Syvänen, Ann-Christine
    Uppsala University, Disciplinary Domain of Medicine and Pharmacy, Faculty of Medicine, Department of Medical Sciences, Molecular Medicine.
    Axelsson, Tomas
    Uppsala University, Disciplinary Domain of Medicine and Pharmacy, Faculty of Medicine, Department of Medical Sciences, Molecular Medicine.
    Siegbahn, Agneta
    Uppsala University, Disciplinary Domain of Medicine and Pharmacy, Faculty of Medicine, Department of Medical Sciences, Coagulation and inflammation science.
    Barratt, Bryan J.
    AstraZeneca R&D, Alderley Pk SK10 4TF, Cheshire, England..
    Becker, Richard C.
    Acad Hlth Ctr, Div Cardiovasc Hlth & Dis, Heart Lung & Vasc Inst, Cincinnati, OH 45267 USA..
    Himmelmann, Anders
    AstraZeneca Res & Dev, S-43150 Molndal, Sweden..
    Katus, Hugo A.
    Univ Klinikum Heidelberg, Med Klin, D-69120 Heidelberg, Germany..
    Steg, Philippe Gabriel
    INSERM, Unite 1148, F-75019 Paris, France.;Hop Bichat Claude Bernard, AP HP, Dept Hosp Univ FIRE, F-75018 Paris, France.;Univ Paris Diderot, Sorbonne Paris Cite, F-75013 Paris, France.;Royal Brompton Hosp, ICMS, NHLI Imperial Coll, London SW3 6NP, England..
    Storey, Robert F.
    Univ Sheffield, Dept Cardiovasc Sci, Sheffield S10 2RX, S Yorkshire, England..
    Wallentin, Lars
    Uppsala University, Disciplinary Domain of Medicine and Pharmacy, Medicinska och farmaceutiska vetenskapsområdet, centrumbildningar mm, UCR-Uppsala Clinical Research Center. Uppsala University, Disciplinary Domain of Medicine and Pharmacy, Faculty of Medicine, Department of Medical Sciences, Cardiology.
    Genome-wide association and Mendelian randomization study of NT-proBNP in patients with acute coronary syndrome2016In: Human Molecular Genetics, ISSN 0964-6906, E-ISSN 1460-2083, Vol. 25, no 7, p. 1447-1456Article in journal (Refereed)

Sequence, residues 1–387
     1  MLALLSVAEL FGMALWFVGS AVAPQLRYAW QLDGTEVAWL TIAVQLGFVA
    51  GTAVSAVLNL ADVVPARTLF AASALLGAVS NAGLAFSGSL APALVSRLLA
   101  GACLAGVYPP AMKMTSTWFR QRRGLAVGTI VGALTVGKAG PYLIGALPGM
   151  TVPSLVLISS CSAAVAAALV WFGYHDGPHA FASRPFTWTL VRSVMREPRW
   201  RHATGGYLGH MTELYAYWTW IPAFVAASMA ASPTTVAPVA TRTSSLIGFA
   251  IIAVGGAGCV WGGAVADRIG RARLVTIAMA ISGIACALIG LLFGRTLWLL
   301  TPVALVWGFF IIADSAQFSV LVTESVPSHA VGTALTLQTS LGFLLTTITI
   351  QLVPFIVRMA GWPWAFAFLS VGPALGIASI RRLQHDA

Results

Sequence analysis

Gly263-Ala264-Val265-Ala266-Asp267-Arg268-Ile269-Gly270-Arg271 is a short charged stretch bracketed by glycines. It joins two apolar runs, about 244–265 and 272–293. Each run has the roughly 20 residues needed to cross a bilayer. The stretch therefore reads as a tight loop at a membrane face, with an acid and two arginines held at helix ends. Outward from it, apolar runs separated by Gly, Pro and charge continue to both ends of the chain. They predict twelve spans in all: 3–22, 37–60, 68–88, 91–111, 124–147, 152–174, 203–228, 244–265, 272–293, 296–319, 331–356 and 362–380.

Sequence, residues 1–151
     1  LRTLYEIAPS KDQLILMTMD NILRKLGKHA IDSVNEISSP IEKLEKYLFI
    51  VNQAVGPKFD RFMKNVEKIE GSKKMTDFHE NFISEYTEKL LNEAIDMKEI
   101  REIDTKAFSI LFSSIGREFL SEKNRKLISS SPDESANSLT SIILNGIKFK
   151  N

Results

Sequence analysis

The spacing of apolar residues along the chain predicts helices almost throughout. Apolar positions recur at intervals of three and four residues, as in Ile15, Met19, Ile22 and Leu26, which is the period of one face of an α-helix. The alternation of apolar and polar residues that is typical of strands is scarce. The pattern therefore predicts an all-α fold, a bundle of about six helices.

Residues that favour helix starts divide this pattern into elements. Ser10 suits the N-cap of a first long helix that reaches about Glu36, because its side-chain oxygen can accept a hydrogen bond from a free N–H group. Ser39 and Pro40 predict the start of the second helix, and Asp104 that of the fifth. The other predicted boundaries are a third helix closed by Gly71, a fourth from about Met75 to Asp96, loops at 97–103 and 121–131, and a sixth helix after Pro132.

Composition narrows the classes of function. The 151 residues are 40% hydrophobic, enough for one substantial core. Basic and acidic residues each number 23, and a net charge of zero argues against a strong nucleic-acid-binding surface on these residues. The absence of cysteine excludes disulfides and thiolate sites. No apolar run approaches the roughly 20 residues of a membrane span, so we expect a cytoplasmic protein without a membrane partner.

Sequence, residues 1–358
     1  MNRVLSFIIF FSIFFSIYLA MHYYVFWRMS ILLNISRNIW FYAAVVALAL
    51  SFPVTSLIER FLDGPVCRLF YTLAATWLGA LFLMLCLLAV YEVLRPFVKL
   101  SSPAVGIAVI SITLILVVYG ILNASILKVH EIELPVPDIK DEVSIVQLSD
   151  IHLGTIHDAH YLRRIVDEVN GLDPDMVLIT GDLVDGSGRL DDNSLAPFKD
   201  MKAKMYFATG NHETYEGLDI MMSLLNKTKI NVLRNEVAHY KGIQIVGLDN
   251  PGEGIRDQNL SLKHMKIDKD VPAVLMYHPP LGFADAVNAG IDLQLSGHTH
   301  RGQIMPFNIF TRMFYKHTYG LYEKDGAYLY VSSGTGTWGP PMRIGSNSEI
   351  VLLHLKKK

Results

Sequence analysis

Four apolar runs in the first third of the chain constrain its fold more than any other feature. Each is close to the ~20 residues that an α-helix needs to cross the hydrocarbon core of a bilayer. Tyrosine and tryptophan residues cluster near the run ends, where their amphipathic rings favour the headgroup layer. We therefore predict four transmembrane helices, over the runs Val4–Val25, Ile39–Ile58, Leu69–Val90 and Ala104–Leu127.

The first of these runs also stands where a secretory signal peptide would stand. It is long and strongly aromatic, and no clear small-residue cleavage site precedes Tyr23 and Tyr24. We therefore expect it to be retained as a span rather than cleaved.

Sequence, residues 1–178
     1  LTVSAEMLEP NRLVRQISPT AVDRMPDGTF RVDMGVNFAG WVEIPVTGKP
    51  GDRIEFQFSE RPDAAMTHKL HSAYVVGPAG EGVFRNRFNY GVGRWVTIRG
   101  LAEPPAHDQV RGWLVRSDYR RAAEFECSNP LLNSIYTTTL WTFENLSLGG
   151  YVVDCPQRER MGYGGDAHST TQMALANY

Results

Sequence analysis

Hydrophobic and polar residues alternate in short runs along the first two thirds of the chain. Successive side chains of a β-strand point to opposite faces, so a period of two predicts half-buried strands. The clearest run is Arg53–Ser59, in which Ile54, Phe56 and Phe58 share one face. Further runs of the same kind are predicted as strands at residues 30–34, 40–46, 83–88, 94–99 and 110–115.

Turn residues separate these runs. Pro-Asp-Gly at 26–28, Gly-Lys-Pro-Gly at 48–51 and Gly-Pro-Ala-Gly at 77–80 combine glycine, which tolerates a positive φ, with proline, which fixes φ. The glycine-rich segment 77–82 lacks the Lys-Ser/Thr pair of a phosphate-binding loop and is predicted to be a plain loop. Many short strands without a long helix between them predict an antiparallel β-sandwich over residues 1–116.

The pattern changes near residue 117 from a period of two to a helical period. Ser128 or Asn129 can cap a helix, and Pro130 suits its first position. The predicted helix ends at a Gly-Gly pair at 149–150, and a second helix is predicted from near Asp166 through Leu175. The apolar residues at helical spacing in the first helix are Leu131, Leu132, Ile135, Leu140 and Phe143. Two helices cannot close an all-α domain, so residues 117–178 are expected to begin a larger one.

Abstract [en]

    N-terminal pro-B-type natriuretic peptide (NT-proBNP) is a strong predictor of mortality in coronary artery disease and is widely employed as a prognostic biomarker. However, a causal relationship between NT-proBNP and clinical endpoints has not been established. We have performed a genome-wide association and Mendelian randomization study of NT-proBNP. We used a discovery set of 3740 patients from the PLATelet inhibition and patient Outcomes (PLATO) trial, which enrolled 18 624 patients with acute coronary syndrome (ACS). A further set of 5492 patients, from the same trial, was used for replication. Genetic variants at two novel loci (SLC39A8 and POC1B/GALNT4) were associated with NT-proBNP levels and replicated together with the previously known NPPB locus. The most significant SNP (rs198389, pooled P = 1.07 x 10(-15)) in NPPB interrupts an E-box consensus motif in the gene promoter. The association in SLC39A8 is driven by a deleterious variant (rs13107325, pooled P = 5.99 x 10(-10)), whereas the most significant SNP in POC1B/GALNT4 (rs11105306, pooled P = 1.02 x 10(-16)) is intronic. The SLC39A8 SNP was associated with higher risk of cardiovascular (CV) death (HR = 1.39, 95% CI: 1.08-1.79, P = 0.0095), but the other loci were not associated with clinical endpoints. We have identified two novel loci to be associated with NT-proBNP in patients with ACS. Only the SLC39A8 variant, but not the NPPB variant, was associated with a clinical endpoint. Due to pleotropic effects of SLC39A8, these results do not suggest that NT-proBNP levels have a direct effect on mortality in ACS patients. PLATO Clinical Trial Registration: ; NCT00391872.

  • 482.
    Johnston, Nina
    et al.
    Uppsala University, Disciplinary Domain of Medicine and Pharmacy, Faculty of Medicine, Department of Medical Sciences, Cardiology.
    Bergdahl, Ellinor
    Samnegard, Ann
    Kenttä, Linda
    Holm, Anna
    Petursson, Petur
    Bäck, Magnus
    [ST-elevation myocardial infarction and dual antiplatelet therapy: new guidelines].2018In: Läkartidningen, ISSN 0023-7205, E-ISSN 1652-7518, Vol. 115, article id E7UIArticle in journal (Refereed)